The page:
HECUBA (Gr. 'E/cd/3?7), wife of Priam, daughter of the Phrygian king Dymas (or of Cisseus, or of the river-god Sangarius). According to Homer she was the mother of nineteen of Priam's fifty sons. When Troy was captured and Priam slain, she was made prisoner by the Greeks. Her fate is told in various ways, most of which connect her with the promontory Cynossema, on the Thracian shore of the Hellespont. According to Euripides (in the Hecuba), her youngest son Polydorus had been placed during the siege of Troy under the care of Polymestor, king of Thrace. When the Greeks reached the Thracian Chersonese on their way home Hecuba discovered that her son had been murdered, and in revenge put out the eyes of Polymestor and murdered his two sons. She was acquitted by Agamemnon; but, as Polymestor foretold, she was turned into a dog, and her grave became a mark for ships (Ovid, Metam. xiii. 399-575; Juvenal x. 271 and Mayor's note). According to another story, she fell to the lot of Odysseus, as a slave, and in despair threw herself into the Hellespont ; or, she used such insulting language towards her captors that they put her to death (Dictys Cretensis v. 13. 16). It is obvious from the tales of Hecuba's transformation and death that she is a form of some goddess to whom dogs were sacred; and the analogy with Scylla is striking.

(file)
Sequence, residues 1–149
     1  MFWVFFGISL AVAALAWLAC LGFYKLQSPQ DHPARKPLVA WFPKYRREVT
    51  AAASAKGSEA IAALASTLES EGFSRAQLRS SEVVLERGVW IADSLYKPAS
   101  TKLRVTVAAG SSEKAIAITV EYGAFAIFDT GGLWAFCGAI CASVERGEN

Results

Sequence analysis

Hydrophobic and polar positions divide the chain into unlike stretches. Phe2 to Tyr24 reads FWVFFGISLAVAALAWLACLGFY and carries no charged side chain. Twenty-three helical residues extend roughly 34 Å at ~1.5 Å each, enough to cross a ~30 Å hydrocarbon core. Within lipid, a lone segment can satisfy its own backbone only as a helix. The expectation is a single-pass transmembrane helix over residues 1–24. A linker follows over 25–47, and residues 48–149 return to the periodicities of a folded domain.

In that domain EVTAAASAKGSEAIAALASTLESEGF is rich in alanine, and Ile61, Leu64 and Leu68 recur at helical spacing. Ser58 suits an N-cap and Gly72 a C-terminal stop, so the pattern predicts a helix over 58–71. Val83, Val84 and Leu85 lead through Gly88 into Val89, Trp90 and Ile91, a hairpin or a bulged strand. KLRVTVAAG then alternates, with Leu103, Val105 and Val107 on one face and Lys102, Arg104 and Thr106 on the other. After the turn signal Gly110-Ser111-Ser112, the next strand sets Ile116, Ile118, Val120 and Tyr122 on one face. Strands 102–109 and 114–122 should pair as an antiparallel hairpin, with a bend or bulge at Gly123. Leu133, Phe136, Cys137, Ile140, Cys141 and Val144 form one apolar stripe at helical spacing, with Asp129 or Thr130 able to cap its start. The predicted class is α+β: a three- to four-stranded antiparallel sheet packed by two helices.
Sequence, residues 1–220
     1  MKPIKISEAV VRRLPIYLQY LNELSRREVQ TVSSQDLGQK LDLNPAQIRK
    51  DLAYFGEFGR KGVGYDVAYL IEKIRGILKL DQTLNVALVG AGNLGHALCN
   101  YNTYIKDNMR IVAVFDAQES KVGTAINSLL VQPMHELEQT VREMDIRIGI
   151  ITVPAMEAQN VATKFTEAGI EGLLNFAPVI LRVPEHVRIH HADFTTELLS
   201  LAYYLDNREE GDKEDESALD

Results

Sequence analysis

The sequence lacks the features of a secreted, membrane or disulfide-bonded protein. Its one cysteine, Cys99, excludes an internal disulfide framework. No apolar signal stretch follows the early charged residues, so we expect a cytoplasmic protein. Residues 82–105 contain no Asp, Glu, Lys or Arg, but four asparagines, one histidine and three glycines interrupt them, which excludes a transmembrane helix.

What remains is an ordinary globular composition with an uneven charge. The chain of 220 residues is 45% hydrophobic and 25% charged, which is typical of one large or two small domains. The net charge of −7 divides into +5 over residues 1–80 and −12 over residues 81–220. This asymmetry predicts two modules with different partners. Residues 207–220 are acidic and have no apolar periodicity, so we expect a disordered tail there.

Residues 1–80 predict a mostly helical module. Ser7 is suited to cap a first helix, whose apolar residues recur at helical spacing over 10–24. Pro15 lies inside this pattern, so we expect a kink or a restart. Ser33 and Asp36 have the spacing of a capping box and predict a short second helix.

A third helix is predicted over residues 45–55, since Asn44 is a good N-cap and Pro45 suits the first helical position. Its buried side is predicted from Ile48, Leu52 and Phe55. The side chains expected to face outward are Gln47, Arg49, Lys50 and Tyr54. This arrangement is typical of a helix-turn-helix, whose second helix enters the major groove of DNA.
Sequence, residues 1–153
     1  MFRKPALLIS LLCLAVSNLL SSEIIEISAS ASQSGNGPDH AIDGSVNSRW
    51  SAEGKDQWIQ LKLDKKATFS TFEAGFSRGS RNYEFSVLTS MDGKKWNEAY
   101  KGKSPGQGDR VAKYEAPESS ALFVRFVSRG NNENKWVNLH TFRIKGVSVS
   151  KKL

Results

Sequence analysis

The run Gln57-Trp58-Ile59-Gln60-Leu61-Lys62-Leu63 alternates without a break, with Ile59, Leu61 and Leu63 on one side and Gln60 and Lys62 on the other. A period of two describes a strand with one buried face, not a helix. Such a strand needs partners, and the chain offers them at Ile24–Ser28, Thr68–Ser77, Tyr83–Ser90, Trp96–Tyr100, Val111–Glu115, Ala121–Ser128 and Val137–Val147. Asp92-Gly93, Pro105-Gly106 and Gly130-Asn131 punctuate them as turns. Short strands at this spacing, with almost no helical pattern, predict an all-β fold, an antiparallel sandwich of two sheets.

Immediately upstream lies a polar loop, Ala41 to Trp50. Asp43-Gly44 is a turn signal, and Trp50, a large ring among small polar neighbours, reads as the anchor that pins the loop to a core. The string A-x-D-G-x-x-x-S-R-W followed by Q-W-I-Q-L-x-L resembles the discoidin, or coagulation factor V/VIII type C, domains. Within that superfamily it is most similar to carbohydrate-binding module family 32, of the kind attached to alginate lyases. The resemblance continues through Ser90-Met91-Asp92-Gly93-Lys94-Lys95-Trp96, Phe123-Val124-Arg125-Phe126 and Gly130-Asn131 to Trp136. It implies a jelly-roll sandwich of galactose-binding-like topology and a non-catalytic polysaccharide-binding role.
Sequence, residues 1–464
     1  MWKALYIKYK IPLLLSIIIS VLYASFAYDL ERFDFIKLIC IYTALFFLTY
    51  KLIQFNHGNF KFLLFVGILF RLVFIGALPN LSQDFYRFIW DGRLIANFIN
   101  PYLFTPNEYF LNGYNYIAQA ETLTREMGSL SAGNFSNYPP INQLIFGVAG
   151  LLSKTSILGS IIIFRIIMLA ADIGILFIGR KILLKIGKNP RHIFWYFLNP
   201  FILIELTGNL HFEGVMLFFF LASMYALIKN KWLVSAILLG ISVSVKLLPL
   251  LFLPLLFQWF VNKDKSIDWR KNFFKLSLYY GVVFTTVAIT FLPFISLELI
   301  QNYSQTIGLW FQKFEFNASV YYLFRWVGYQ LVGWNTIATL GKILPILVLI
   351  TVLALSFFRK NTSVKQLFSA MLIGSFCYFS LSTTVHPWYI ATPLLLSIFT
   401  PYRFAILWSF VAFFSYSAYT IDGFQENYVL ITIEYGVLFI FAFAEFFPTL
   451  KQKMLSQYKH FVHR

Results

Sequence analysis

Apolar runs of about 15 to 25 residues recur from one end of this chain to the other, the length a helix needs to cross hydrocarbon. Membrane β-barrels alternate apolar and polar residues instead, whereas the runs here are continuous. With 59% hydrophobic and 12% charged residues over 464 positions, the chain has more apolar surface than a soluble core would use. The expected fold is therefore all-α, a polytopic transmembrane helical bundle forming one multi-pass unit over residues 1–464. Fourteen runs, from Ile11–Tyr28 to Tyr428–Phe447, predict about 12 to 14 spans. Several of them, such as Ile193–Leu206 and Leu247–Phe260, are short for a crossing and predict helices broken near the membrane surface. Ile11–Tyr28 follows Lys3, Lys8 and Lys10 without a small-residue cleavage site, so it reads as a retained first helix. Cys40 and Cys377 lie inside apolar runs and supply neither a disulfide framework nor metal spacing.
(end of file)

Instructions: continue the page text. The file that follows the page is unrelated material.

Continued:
Note - this article incorporates content from Encyclopaedia Britannica, Eleventh Edition, (1910-1911)